FWS Proposes New Methods for Prioritizing Listing Petitions

By Lauren McDonald

Black-footed ferret (Mustela nigripes), a North American endangered species.
©J. Michael Lockhart/USFWS Mountain-Prairie, licensed by cc 2.0

The U.S. Fish and Wildlife Service has proposed a new method to streamline the decision-making process of plants and animals petitioned for listing under the Endangered Species Act.

Currently, there are over 500 species in a growing backlog of petitions that have been filed by the public. The large number of petitions, coupled with a required 12 month analysis period, has lead the FWS to seek alternative methods for prioritizing species’ reviews with the creation of five different “priority bins.”

According to the proposed methodology, the highest priority for status review will be awarded to species whose numbers are under severe threat across the majority of their range. These species are in need of immediate listing in order to prevent extinction. Secondary priority will be given to petitions for species on which research has already been conducted that would support a listing decision.

Subsequent priority bins are determined by the amount of scientific data available and the existence of ongoing conservation efforts that would reduce threats to the species. The least amount of priority is given to status reviews of species that have no pre-existing scientific data on their population status or trends which would aid in the review process.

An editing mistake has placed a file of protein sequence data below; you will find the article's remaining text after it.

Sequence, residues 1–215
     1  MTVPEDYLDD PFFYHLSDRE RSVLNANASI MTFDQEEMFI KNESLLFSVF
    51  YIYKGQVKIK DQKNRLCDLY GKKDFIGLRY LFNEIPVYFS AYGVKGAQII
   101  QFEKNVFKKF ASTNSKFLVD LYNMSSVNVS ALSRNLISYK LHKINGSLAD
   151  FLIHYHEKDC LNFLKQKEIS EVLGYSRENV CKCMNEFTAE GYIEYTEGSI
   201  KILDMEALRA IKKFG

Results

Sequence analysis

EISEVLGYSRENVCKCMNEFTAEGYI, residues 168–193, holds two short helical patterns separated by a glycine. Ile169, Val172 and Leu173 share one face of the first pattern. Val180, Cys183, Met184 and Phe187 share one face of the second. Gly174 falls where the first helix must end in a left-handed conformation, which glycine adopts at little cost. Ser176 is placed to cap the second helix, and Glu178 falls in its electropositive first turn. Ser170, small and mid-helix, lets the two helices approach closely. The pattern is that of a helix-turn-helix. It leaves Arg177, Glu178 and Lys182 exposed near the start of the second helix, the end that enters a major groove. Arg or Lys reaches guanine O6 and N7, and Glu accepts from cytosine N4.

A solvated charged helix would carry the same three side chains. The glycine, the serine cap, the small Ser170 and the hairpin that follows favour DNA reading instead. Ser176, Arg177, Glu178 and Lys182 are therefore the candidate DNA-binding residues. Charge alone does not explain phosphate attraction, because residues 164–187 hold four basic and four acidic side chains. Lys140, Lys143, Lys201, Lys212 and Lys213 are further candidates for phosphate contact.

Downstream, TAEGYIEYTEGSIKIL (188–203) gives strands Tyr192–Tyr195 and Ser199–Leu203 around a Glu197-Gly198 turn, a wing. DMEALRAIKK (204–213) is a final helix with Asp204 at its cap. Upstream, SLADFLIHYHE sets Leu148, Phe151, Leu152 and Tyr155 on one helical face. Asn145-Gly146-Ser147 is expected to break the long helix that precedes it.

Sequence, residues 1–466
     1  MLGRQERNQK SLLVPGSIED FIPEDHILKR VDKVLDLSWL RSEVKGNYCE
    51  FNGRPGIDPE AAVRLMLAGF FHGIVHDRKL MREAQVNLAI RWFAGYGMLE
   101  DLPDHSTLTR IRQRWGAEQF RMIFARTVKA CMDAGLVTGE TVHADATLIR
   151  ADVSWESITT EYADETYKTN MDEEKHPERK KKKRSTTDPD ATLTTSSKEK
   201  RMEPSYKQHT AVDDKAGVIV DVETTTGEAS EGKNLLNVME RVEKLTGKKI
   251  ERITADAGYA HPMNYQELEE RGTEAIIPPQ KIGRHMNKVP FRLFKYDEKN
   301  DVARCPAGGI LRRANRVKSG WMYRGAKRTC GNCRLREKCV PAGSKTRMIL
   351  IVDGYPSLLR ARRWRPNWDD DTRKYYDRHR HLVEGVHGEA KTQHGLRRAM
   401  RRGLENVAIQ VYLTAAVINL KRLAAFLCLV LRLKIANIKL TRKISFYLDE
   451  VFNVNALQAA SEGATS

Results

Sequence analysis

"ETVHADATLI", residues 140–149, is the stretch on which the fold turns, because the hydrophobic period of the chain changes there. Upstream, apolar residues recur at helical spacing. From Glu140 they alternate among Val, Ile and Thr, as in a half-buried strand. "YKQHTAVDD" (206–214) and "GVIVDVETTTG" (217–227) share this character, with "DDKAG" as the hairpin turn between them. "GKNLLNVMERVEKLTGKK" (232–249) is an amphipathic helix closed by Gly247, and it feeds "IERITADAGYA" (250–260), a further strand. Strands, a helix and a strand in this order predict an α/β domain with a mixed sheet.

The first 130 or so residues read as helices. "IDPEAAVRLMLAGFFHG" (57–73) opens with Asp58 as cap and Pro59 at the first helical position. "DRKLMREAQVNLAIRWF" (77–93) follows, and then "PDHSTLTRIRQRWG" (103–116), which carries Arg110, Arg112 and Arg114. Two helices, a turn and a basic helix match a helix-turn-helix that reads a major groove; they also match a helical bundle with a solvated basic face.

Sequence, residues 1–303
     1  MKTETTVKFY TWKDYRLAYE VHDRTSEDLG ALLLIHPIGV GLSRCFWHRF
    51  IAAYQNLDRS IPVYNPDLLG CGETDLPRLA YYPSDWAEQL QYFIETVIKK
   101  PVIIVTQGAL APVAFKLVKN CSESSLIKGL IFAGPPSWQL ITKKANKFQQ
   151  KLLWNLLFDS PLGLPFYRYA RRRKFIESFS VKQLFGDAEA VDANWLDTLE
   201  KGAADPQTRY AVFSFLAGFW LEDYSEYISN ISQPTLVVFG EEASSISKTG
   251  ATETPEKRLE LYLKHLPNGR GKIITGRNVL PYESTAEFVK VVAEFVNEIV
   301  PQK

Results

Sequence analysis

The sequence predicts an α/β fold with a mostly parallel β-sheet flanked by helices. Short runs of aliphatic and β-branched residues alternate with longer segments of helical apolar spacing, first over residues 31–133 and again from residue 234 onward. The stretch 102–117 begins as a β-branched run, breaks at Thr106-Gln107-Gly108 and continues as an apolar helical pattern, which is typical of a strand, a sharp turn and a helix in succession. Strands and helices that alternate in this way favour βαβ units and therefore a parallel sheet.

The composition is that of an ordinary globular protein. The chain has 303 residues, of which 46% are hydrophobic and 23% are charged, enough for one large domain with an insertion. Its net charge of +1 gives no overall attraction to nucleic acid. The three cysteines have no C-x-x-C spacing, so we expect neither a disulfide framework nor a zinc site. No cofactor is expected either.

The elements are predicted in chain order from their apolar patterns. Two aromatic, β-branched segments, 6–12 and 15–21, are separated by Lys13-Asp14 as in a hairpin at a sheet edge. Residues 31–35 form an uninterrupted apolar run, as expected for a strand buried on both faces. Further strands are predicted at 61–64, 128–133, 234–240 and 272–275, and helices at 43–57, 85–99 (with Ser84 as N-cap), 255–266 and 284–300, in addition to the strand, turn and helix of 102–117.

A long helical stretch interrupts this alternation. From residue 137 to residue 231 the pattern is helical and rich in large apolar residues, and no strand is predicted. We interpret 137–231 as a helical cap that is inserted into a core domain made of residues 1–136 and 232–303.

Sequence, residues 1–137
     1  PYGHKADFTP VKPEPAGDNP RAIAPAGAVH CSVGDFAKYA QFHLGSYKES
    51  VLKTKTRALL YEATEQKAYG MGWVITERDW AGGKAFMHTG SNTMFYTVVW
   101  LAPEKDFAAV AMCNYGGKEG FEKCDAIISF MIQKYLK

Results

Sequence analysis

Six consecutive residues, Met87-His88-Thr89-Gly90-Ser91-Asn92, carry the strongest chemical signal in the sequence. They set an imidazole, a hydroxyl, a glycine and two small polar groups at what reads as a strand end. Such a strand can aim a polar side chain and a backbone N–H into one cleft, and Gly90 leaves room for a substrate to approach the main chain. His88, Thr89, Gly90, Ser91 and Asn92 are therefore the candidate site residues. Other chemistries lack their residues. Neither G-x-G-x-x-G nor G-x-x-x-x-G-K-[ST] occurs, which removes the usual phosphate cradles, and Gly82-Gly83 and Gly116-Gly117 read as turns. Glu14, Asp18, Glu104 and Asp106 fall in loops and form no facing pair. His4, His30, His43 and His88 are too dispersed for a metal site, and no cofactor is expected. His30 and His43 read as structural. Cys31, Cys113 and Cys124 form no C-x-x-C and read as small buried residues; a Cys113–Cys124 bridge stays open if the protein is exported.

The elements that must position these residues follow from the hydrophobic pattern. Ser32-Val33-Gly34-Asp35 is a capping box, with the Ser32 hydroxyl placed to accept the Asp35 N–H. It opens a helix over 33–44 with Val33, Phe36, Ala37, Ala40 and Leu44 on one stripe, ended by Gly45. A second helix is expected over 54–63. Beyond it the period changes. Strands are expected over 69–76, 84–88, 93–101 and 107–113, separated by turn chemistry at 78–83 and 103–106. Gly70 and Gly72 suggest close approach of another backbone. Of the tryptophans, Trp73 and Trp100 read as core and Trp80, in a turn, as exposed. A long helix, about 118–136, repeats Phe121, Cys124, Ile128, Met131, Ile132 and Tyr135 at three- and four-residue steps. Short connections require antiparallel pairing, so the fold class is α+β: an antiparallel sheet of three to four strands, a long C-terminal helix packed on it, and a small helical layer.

The document also provides other methods for expediting the status review process. This includes “batching” species of different levels of concern based on similarities between geographic location, taxon, or threats. This would allow species petitions of lesser priority to be reviewed at the same time as a species’ petition of higher priority if they are similar in these respects.

The Wildlife Society supports collaboration between ESA decision-makers and wildlife professionals. This notice will be open for public comment until Feb. 16, 2016. Interested parties are encouraged to submit comment on whether or not this draft clearly defines the conditions for each priority bin and whether other factors should be considered and incorporated in this methodology.

For more information see TWS’ position statement on The Endangered Species Act and Threatened and Endangered Species in the U.S.

Lauren McDonald is a policy intern at The Wildlife Society as part of the Government Affairs & Partnership program.

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